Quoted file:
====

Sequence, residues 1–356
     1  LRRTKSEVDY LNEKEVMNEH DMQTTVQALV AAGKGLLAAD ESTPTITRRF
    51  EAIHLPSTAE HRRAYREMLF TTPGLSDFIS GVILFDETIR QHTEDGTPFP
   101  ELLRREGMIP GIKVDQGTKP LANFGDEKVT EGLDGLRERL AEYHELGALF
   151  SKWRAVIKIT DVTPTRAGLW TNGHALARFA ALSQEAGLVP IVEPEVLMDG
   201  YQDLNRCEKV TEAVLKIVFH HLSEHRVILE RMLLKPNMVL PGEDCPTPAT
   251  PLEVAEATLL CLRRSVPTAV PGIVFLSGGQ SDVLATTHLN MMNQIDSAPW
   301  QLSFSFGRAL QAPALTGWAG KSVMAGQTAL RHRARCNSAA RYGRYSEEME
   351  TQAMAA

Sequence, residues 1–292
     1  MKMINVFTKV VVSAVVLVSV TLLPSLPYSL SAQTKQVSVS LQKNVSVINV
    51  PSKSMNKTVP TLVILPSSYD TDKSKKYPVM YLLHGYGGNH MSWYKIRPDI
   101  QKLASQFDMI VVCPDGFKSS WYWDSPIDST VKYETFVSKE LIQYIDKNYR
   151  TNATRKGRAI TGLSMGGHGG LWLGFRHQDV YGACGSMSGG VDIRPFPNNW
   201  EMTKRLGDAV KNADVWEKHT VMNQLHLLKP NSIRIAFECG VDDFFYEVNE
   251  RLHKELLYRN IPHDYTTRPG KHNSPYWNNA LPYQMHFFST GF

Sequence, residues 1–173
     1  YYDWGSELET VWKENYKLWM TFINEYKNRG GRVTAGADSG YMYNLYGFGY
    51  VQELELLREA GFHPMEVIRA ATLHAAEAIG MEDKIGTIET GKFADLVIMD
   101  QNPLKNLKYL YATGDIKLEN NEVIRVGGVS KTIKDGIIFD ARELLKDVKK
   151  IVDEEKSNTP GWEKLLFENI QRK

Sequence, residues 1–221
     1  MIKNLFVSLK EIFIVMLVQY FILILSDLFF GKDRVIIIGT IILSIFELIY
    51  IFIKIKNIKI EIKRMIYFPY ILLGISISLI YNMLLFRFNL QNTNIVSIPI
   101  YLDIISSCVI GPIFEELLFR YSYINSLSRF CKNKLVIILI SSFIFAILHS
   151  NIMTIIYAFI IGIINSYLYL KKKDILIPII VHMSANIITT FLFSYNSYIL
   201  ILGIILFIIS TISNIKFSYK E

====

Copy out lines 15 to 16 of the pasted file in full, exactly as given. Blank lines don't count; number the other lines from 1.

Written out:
   201  EMTKRLGDAV KNADVWEKHT VMNQLHLLKP NSIRIAFECG VDDFFYEVNE
   251  RLHKELLYRN IPHDYTTRPG KHNSPYWNNA LPYQMHFFST GF